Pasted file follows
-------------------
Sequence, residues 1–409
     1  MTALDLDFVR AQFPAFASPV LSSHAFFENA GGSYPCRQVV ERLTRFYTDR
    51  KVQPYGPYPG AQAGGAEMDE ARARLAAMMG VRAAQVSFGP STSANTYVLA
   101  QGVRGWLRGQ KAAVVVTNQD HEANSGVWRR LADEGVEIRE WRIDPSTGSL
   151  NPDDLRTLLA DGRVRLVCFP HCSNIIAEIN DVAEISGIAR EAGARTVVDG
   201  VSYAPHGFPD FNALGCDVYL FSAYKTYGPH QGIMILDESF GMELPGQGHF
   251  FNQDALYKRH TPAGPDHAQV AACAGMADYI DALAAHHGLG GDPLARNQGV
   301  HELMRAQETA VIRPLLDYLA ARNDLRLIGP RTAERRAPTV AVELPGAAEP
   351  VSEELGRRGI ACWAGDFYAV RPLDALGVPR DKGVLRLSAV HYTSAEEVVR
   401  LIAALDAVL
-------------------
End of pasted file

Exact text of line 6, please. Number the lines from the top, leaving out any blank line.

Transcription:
   201  VSYAPHGFPD FNALGCDVYL FSAYKTYGPH QGIMILDESF GMELPGQGHF